Newspaper Archive of
Feather River Bulletin
Quincy, California
Lyft
June 25, 2014     Feather River Bulletin
PAGE 10     (10 of 44 available)        PREVIOUS     NEXT      Full Size Image
 
PAGE 10     (10 of 44 available)        PREVIOUS     NEXT      Full Size Image
June 25, 2014
 

Newspaper Archive of Feather River Bulletin produced by SmallTownPapers, Inc.
Website © 2019. All content copyrighted. Copyright Information.     Terms Of Use.     Request Content Removal.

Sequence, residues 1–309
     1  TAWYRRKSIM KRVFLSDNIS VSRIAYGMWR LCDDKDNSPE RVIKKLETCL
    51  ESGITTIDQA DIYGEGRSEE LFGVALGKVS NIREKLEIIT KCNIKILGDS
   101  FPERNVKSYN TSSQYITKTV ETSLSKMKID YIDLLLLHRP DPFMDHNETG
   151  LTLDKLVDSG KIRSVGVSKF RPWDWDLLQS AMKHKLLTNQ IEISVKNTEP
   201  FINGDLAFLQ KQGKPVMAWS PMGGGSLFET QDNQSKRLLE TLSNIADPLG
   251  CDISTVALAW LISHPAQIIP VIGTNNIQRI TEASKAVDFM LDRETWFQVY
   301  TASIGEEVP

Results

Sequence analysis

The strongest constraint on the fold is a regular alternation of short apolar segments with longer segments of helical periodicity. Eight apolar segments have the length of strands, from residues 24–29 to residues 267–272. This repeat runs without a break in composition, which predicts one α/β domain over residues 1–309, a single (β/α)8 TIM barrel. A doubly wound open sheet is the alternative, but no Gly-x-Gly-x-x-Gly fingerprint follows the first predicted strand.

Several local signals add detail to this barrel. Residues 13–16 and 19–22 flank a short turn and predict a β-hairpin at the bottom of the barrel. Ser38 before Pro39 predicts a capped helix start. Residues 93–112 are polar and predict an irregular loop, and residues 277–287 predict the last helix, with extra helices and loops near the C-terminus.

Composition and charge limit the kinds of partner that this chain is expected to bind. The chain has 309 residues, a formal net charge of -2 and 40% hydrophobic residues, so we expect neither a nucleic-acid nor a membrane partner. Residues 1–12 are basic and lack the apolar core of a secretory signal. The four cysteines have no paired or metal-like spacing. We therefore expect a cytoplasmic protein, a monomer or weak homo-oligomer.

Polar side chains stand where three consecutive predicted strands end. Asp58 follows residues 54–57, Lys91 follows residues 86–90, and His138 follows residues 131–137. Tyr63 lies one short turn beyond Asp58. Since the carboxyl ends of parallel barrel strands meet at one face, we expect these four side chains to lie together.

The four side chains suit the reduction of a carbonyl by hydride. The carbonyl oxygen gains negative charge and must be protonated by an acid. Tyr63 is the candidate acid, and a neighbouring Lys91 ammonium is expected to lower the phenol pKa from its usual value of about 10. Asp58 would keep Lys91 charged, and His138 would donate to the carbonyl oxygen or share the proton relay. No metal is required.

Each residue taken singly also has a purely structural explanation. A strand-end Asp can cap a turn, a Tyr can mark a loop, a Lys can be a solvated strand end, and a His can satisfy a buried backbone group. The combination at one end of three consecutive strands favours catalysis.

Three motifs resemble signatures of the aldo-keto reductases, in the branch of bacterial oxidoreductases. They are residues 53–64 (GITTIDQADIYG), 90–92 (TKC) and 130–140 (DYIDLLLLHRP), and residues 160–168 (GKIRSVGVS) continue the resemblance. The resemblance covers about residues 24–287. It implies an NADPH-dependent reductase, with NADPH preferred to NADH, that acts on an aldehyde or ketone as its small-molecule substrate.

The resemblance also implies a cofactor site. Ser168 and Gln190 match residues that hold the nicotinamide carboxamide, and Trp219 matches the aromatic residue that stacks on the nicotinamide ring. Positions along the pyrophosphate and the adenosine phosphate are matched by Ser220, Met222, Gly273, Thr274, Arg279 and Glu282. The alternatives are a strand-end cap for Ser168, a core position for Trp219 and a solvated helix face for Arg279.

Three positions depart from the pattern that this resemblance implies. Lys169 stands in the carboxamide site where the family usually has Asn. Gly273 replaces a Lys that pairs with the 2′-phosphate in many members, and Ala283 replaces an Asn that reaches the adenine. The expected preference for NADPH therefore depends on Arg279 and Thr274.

IOA Wednesday, June 25, 2014 Feather River Bulletin WEEKLY ATHERINGS, MEETINGS AND CLUBS - -ursday ne 26 H ous -, Q--uu cc; -- ---- - F-or-rinfo rm n, c-all- e AA, noon, 260 County Rotary Club, Mineral library, 283-6310. Hospital Road, Courthouse Friday, June 27 Building, fairgrounds, noon. After-School Kids Club. Call 283-2127. Arts and crafts projects, Annex- Orchard House. AA, noon, 260 County Boy Scout Troop 151, Mon., science activities, games, Quincy. 24-hour info: (877) Hospital Road, Courthouse 6 p m Scoutmaster Jan stories, snacks. 2nd - 6th 880-3880. Annex- Orchard House. Quincy Cribbage Group. Quincy. 24-hour info: (877) Jensen, 283-2209 for location, grades (younger children Duplicate Bridge. Every must be accompanied by Every Thurs., 12:30 sharp. 880-3880. Monday, 6:30 p.m., Resource adult). Free.3-5.p.m...aurmg Come early and have lunch. NA, 6:00 p.m., 260 County Round Table Pizza. No dues Hospital Road, Courthouse Center, Blairsden, corner of school year, umcy nDrary hwys 70 and 89. Call Ruthcommunity meeting room, or fees. Annex - Orchard House. Bright, 836:1454 or Jackie 445 Jackson St. 283-6310. Women's Support Group, Quincy. Every Thurs., 1-2 p.m., Trap Shoot, 1 p.m., adults Lucky, 836-2232. American Valley Plumas Crisis Center, 591 only, Sponsored by Quincy AA, 7 p.m., Methodist Toastmasters. Every Wed., Main St., Quincy. Call 283- Sport Shooting Assoc., Church, 282 Jackson St., 12-1 p.m., Plumas Bank 5515. Gopher Hill site. Weather Quincy. 24-hour info: (877) Credit Administration Plumas County Republican permitting. 283-1145. 880-3880. building, 32 Central Ave., Quincy. (Behind Safeway.) Women, 10:45 a.m., Mt. quincyshooting.com. For more info, contact Kathy, Tomba Dinnerhouse, Hwy, 70. AARP, at Mountain View 283-7618. Open to all Lunch at noon, $20, and guest Manor community room, 4th Tuesday, July 1 interested in developing their speakers to follow. Call Sat., 116 Circle Dr. 1 p.m. New AA meeting, noon, 260 speaking and leadership Marlene Nelson, 836-1547, or members welcome. Call Greg County Hospital Road, skills. Liz Holston, 836-4428, for Margason, 283-0686 for more Courthouse Annex - Orchard AA meeting, noon, 260 reservations, info. House, Quincy. 24-hour info: A1-Anon, 5:30 p.m., United Dinner at the Grange, (877) 880-3880. County Hospital Road, Courthouse Annex - Orchard Methodist Church, upstairs Feather River Grange Hall, Bingo, every Tuesday, for in back. For families & Quincy, 4th Fridays, 5 p.m. residents of Country Villa House, Quincy, 24-hour info: friends of alcoholics, until food is gone. Fundraiser Healthcare Center, Quincy, (877) 880-3880. Pistol shooting, sponsored by to restore the building. Call 2:30 p.m. Sponsored by Senior lunch, Blairsden, Quincy Sport Shooting Assoc., 283-2782 or 283-2930. Country Villa Pink Ladies. noon, Mohawk Community Gopher Hill site, every New volunteers needed. Call Resource Center. Call 836-0446 Thursday, 6 p.m., (arrive by Betty Hoskins, 283-1616.for reservations. 5:30 p.m.) weather permitting. Saturday, June 28 Overeaters Anonymous Grief Group, Community Quincyshooting.com. NA, noon, 260 County meeting, 4:30 p.m., 260 United Methodist Church. Boy Scouts Troop 130, 6:30 Hospital Road, Courthouse County Hospital Road, Join Pastor Donna at noon to p.m., LDS Church, 55 Be//amy Annex - Orchard House. Courthouse Annex - Orchard begin or continue the process Ln. Call Dale Stokes, 283-3661. Quincy. House, Quincy. of healing. Open to everyone. Blue Star Morns, 7 p.m., AA, 6 p.m. 260 County NA, 7 p.m., Methodist Call the church office, 283- Masonic Lodge, Harbison Hospital Road, Courthouse Church, 282 Jackson St.,1740, for more info. Street, Quincy, Annex - Orchard House. Quincy, Quincy Community Healing and Growing Quincy. 24-hour info: (877) Bible Study. (King JamesSupper, 6 p.m. every Wed, through Grief 880-3880. version) 7-8 p.m., Church of United Methodist Church. bereavement group. Open Dukes of Plumas Cribbage Jesus Christ of Latter-Day Free. to anyone struggling with Gang. Meet 10:30 a.m., start Saints, 55 Be//amy Lane,AA, 7 p.m., Methodist grief. 2-4 p.m. every other play 11 a.m., every Saturday Quincy. Open to all. Bibles Church, 282 Jackson St., Thursday, First Baptist at Mt. Tomba, Cromberg. available. Call 530-953-7790 for Quincy, 24-hour info: (877) Church, 74 Reese St., Quincy. more info. 880-3880. JoAnne Baldwin, 283-9161 or International Order of Doreene Wood, 283,3538. Sunday, June 29 Rainbow Girls, 7 p.m., Explorer Post 81, Quincy NA, noon, 260 County Wednesday, July 2 Masonic Temple, 1st & 3rd Volunteer Fire Dept. Hospital Road, Courthouse Baby Bounce Story Time. Wed. Explorer Program, meets 2nd Annex - Orchard House. Infants 0 to 24months, and 4th Thursdays. For info Quincy. Wednesdays 10 a.m., Plumas call Sarah Anderson, 530-276- NA, 5 p.m., women only, 260 County Library Quincy 1503. County Hospital Road, branch. 445 Jackson St. Plumas Alcohol, Tobacco Courthouse Annex- Orchard Preschool Storytime. and Other Drug Coalition. House. Quincy. Stories, songs, crafts and Focused on reducing alcohol, games. 10:30 a.m., tobacco and other drug Community Meeting Room, problems in Plumas County. Monday, June 30 Quincy Library, 445 Jackson 4th Thursdays, 1 p.m., Soroptimist International Courthouse Annex, Quincy, , of Quincy, rmonto 1 p.m. plumasatodcoalition@yahoo. Moon's restaurant. C H U R C H E S com. NA meeting, noon, 260 League of Women Voters, County Hospital Road, Calvary Chapel Quincy Meadow Valley Community fourth Thurs., 6 p.m. Quincy. Courthouse Annex - Orchard 283.4463. 1953 E. Main, Mill Creek 283-4259, 48 Cemetery Rd, Meadow Shopping Center, E Quincy. Valley, office: 353 Jackson St, #100, Quincy Christian Life Fellowship Our Savior Lutheran LAST WEEK'S LAKE LEVELS 283-0345, 317 First St., E. Quincy.283-2546. Church & High Sts., TEMPERATURES Quincy. Date High Low Precip Snow June16 77 46 .... June 17 72 44 .... June 18 81 35 .... June 19 85 38 .... June 20 83 43 .... June21 85 43 .... June 22 86 41 .... Precipitationfrom July 1, 2013, to date: 21.91"; snow 7" This date 2013: 37.43" precip, 23.75" snow. 2012-13 totals: 23.75" snow*, 37.93' total precip* *Weather year is July 1 to June 30 Compiled by Ron Trumbo Lake Almanor *Elevation 1Current 4,483.97 1 Year Ago 4,487.34 Lake Almanor **Capacity 1"Current 882,967 1 Year Ago 967,450 Bucks Lake *Elevation l-Current 5,137.16 1 Year Ago 5,149.40 Bucks Lake **Capacity 1-Current 71,261 1 Year Ago 91,895 Christ the King Episcopal 283-0254, 545 Lawrence St., Quincy. christthekingquincy.org Church of Christ 283.1191, 152 E. Jackson St., Quincy. Church of Jesus Christ of Latter Day Saints 283-2170, 55 Bellamy Ln., Quincy. Community United Methodist 283-1740, 282 Jackson St., Quincy, quincymethodist.org Seventh-Day Adventist 310-2042 or 283.3092, 2333 Pine St., Quincy. Springs of Hope Christian Fellowship Pete, 283.1613, or John, 927-7626, 59 Bell Ln., Quincy. St. John's Catholic Church 283-0890, 176 Lawrence St., Quincy. Starlight Missionary Baptist 283.1505, 171 Redburg Ave., Quincy. *Elevation above sea level **Storage in acre ft. /'June 22, 2014 June 23, 2013 in ft. First Baptist 283.1160, 74 Reese St., Quincy. fbcquincy.org Truth Tabernacle of Quincy, 260-8006, 2205 East Main St., Quincy. Weather Forecast for Quincy Earthquake Report June 12-18. 201z Wednesda June25 Sunrise 5:40-Sunset 8:39 Wednesday Night: A 20% chance of showers after 11pro. Mostly cloudy, low around 46. - Sunrise 5:41 --Sunset 8:39 Thursday, June26 Sunny, with a high near Saturday Night: Clear, with a low around 48. Sunrise 5:40--Sunset 8:39 20% chance of show- ers/thunderstorms. Partly sunny, with a high near 80. Thursday Night: Partly cloudy, with a 10w around 45. Sunrise 5:41 --Sunset 8:39 Sunny, with a high near 93; Sunday Night: Clear, with a low around 48. Fdda~June27 Mostly sunny, with a high n~ Friday Night: Partly cloudy, with a low around 46. Sunrise 5:42--Sunset 8:39 Sunny, high near 92. Tuesday, July 1 Sunrise 5:42-Sunset 8:38 O 1.0 2.6 1.0 ~l>z I 7"36am ~ 1:23 a.m.~._T__..~:_28 a.m_. _= I "6/15 " 6/17 =~ I 6/16 i 1 7 : 5:19"a.m. ] 7:16"2m I,. \,=,,'1"i/X',,i.o,,, I I i.s .... 61 2 J I 6:aoa.m. l" ~'- "~3J@ ~ ~ ! i I . '. is I 3 I 1.2" |/ ', _li \ . t ;i~| "~ 6n4 I /._ I [Magnitude I I ,., I Lol o, e, e4+1 W:i" The number of earthquakes measuring M 1.0 or stronger increased from the pre- vious week, rising by four and topping the 20 quake-per-week mark for the first time since the second week of May. The intensity of seismicity remained relaxed, producing two events in the M 2 range. Driving the action was a small seismic swarm at the California-Nevada border east of Truckee. The sequence began Fri- day afternoon and slowly clicked off a couple events a day until Tuesday after- noon when the activity stopped. All of the action was small. Largest: M 1.9. The largest quake measured M 2.6 and occurred Tuesday night on the northwest- ern slope of Lassen Peak near Whitmore. Three quakes were detected north- west of Chester and 1.5 miles south of Drakesbad near Terminal Geysers. The occurred on the Hot Springs fault, which ruptured with a large earthquake not too long ago and created the open frac- tures that are responsible for Terminal Geysers and Boiling Springs Lake. The fault displacements can still be seen today. D|ST|NGU|SHED s c . o o L = _20 4 The QES team receives a banner honoring their school at the Distinguished School Award Ceremony in Sacramento on June 9. From left; principal Kristy Warren, Rob Wade, Nancy Sipe and Yvonne.Casalnuovo. Photos by Ed Thompson A team of Plumas Unified School District educators attends the Distinguished Schools Award ceremony in Sacramento, where Quincy Elementary School received the prestigious award. From left: teacher Yvonne Casalnuovo, Director of Outdoor Education Rob Wade, teacher Nancy Sipe, State Superintendent of Schools Tom Torlakson, Superintendent Micheline Miglis, Principal Kristy Warren and PUSD board president Chris Russell. Ul ncy ngui More than 500 students and administrators representing 125 schools in the state of California convened in Sacramento on Monday, June 9, for the Distinguished Schools Award ceremony and luncheon. Among the celebrated recipients was Quincy Elementary School. The award is given to those schools that maximize their instruction and resources to meet the needs of underrepresented subgroups in schools. Schools must present their practices as part of the application process. If chosen, the school is visited by a state-approved validation team that observes the practices in action and verifies the impact on student learning through observations and interviews with teachers and students. Quincy Elementary School was chosen based on its comprehensive application that highlighted the school's signature practices: place-based learning and differentiated instruction. Plumas Unified School District board pre'sident Chris Russell, Superintendent Micheline Miglis and Director of Student Performance Ed Thompson joined Principal Kristy Warren, Director of Outdoor Education Rob Wade and teachers Nancy Sipe and Yvonne Casalnuovo for the special event. The essence of Quincy Elementary School's success is captured in the following excerpt from its application: "Our school site has an incredible setting, with Boyle's Creek running along the north side of the campus. The campus rests at the base of Claremont Peak, with many walking field trips taken to Boyle's Ravine in the fall and spring months. "From this setting, we thrive with a rich outdoor education program, complete with an outdoor classroom and a sixth-grade capstone watershed education course. "During the V m-m months, students in kindergarten - sixth grade can be found learning in the outdoor classroom, walking along the nature trail that lines the northern border of our campus or participating in learning opportunities through our local community garden, adjacent to the south side classrooms. "Academic success is achieved through differentiated instruction in guided reading groups, frequent monitoring of student achievement through a comprehensive formative assessment plan, analysis of best practices through Monday collaborations, and a team approach to student success, including all support staff." Cemetery tour Saturday: The ghosts of Johnsville walking tour of some of the are ready to greet the Plumas historical homes still left in County Museum the town. Association-sponsored tour The tour will wind up at of the Johnsville Cemetery 4"30 p.m. at the Iron Door on Saturday, June 28. Restaurant, where owner The fun begins at 2:30 p.m. Chris David and his culinary at the Johnsville Cemetery. crew will present a selection Museum Director Scott of their renowned appetizers Lawson will talk briefly and libations as a fitting closg about the history of to the event. Johnsville, nearby Jam/son This event is a fundraiser City and some of the families hosted by the museum interred in the cemetery, association to help keep the Local actors Tina Terrazas museum's doors open since it: and Bob Shipp will lost county funding. impersonate various Tickets are available at the denizens of the graveyard. Quincy museum, 283-6320, at After visiting the cemetery, Carey Candy Co. or from David Daun of the Johnsville museum trustees. Historical Society will give a For more information or guided tour of the restored tickets call Don Clark at Catholic church as well as a 836-2586. Seniors earn $185,000 in awards Principal Sue Segnra announced statistics related to the Quincy High School senior awards ceremony that took place June 5: ---$28,500 in scholarships were provided by local community organizations to QHS seniors. --17 seniors out of a class of 45, 38 percent, received at least one scholarship. -.ln addition to the local scholarships, seniors received at least $156,500 in scholarships from colleges and universities. -Students were also recognized for academic achievements such as AP Scholar, Golden State Seal Merit Diploma (based on California Standards Test scores) and California Scholarship Federation membership. II